- Firefox Takes the Performance Crown From Chrome @ Slashdot
- Ninjalane Podcast Episode 30
- AT&T patents P2P content tracking system @ The Register
- July 2013 Contest - WIN an Apple iPad Mini 32GB @ Funky Kit
Subject: Editorial, General Tech | May 16, 2013 - 07:45 PM | Scott Michaud
Tagged: web browser, Malware, IE10
If you consider your browser security based solely on whether it will allow you to manually download a malicious executable: IE10 is the best browser ever!
Rod Trent over at Windows IT Pro seems to believe this when NSS labs released their report, "Socially Engineered Malware Blocking". In this report, Internet Explorer blocked the user from downloading nearly all known malware (clarification: all known malware within the test). Google Chrome came in second place with a little less than 17% fail rate and the other browsers were quite far behind with approximately a 90% failure rate.
Based on that one metric alone, Rod Trent used a cutesy chess image to proclaim IE the... king... of the hill. Not only that, he suggests Safari, Opera, and Firefox consider "shuttering their doors." After about a decade of Internet Explorer suffering from countless different and unique vectors of exploitation, now is the time to proclaim a victor for attacks which require explicit user action?
Buckle in, readers, it's a rant.
Firstly, this reminds me a little bit of Microsoft Security Essentials. Personally, I use it, because it provides enough protection for me. Unlike its competitors, MSE has next to no false positives because almost ignores zero-day exploits. The AV package drew criticism from lab tests which test zero-day exploits. Microsoft Security Essentials was ranked second-worst by this metric.
Well, time to shutter your doors Micr... oh wait Rod Trent lauded it as award-winning. Huh...
But while we are on the topic of false positives, how do you weigh those in your grading of a browser? According to the report, and common sense, achieving pure success in this metric is dead simple if you permit your browser to simply block every download, good or bad.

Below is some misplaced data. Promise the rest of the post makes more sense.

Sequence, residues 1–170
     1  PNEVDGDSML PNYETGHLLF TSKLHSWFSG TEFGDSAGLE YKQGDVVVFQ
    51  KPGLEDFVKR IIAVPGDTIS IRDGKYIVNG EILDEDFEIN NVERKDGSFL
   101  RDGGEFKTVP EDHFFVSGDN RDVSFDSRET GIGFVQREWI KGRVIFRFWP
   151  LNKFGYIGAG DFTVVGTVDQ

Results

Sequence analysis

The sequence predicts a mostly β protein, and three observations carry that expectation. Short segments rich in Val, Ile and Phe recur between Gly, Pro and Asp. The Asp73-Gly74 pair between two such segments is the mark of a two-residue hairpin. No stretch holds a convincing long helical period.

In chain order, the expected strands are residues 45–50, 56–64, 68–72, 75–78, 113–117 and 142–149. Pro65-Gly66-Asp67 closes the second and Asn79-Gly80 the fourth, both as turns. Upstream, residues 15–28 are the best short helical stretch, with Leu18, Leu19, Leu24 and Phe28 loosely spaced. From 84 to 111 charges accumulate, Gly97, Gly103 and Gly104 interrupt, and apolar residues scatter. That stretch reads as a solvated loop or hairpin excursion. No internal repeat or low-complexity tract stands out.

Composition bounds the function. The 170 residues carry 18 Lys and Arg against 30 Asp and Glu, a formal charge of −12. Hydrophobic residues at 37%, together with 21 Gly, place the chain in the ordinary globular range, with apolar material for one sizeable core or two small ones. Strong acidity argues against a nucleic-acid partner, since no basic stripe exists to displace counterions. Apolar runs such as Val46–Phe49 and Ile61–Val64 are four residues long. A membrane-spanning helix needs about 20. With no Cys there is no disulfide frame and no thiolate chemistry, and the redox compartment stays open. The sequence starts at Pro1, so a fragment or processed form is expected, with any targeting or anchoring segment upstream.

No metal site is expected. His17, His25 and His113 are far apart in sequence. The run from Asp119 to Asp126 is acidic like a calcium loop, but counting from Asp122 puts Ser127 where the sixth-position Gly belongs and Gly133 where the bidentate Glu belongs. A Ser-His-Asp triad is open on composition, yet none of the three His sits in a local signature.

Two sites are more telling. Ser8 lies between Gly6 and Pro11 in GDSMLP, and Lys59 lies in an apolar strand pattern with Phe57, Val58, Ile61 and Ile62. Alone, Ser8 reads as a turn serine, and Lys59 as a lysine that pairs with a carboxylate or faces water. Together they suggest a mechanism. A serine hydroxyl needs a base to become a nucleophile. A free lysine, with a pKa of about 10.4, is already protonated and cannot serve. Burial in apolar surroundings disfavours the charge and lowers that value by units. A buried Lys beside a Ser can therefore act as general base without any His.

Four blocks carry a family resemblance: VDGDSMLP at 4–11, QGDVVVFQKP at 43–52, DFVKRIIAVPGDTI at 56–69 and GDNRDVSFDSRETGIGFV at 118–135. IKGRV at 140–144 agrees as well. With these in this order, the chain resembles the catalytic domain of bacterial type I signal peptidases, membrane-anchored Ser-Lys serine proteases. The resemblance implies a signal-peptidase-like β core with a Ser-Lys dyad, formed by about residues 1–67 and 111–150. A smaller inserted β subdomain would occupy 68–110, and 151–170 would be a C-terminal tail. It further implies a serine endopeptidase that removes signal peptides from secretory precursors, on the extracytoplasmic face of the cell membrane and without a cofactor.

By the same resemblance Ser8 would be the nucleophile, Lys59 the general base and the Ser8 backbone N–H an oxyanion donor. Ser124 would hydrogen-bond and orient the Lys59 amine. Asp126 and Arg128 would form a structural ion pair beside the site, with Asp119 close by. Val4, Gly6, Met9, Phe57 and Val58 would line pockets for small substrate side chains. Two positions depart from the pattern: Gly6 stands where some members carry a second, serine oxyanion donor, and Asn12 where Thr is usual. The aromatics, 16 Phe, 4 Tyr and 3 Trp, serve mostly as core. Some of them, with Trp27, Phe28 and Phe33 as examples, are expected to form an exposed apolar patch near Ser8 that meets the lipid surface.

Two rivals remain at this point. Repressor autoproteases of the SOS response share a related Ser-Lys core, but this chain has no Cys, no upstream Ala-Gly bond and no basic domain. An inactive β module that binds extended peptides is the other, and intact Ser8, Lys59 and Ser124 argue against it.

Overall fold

If a 100% false positive acceptance rate is acceptable, it is trivial to protect users from all malicious download. With just a few lines of code, Firefox, Safari, and Opera could displace Internet Explorer and Chrome as the leaders of protection against socially engineered malware. However, describing every download as "malicious" would break the internet. Finding a balance between accuracy and safety is the challenge for browsers at the front of protection technology.
A browser that is capable of blocking malware without blocking legitimate content would certainly be applause-worthy. I guess time will tell whether Internet Explorer 10 is able to walk the balance, or whether it will just be a nuisance like the first implementations of UAC.
OK, Google did actually release exactly one native Windows application at Google I/O: It's called Android Studio, an application that helps developers create apps that run on Android, Google’s answer to Windows. But don’t worry, Microsoft fans: Internet Explorer (IE) flags the Android Studio download as potential malware.
Ah crap... that was quick.
Now to be fair, Internet Explorer 10 and later have been doing things right. I am glad to see Microsoft support standards and push for an open web after so many years. This feature helps protect users from their own complacency.
Still, be careful when you call checkmate: some places may forfeit your credibility.